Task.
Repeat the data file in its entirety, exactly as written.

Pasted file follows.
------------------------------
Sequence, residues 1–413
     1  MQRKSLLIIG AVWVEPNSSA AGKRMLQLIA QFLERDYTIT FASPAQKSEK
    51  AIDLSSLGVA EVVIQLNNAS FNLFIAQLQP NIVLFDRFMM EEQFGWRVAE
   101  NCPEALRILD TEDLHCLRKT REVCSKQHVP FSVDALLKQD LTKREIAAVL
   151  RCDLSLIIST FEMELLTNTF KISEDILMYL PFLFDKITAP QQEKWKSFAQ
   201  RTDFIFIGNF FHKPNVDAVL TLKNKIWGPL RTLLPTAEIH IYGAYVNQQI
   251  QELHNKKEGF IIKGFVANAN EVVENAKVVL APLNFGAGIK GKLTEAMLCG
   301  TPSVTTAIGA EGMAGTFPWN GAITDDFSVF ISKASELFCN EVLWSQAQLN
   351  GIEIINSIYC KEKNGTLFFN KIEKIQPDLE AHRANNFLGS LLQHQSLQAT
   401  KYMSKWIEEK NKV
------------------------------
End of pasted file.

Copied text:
Sequence, residues 1–413
     1  MQRKSLLIIG AVWVEPNSSA AGKRMLQLIA QFLERDYTIT FASPAQKSEK
    51  AIDLSSLGVA EVVIQLNNAS FNLFIAQLQP NIVLFDRFMM EEQFGWRVAE
   101  NCPEALRILD TEDLHCLRKT REVCSKQHVP FSVDALLKQD LTKREIAAVL
   151  RCDLSLIIST FEMELLTNTF KISEDILMYL PFLFDKITAP QQEKWKSFAQ
   201  RTDFIFIGNF FHKPNVDAVL TLKNKIWGPL RTLLPTAEIH IYGAYVNQQI
   251  QELHNKKEGF IIKGFVANAN EVVENAKVVL APLNFGAGIK GKLTEAMLCG
   301  TPSVTTAIGA EGMAGTFPWN GAITDDFSVF ISKASELFCN EVLWSQAQLN
   351  GIEIINSIYC KEKNGTLFFN KIEKIQPDLE AHRANNFLGS LLQHQSLQAT
   401  KYMSKWIEEK NKV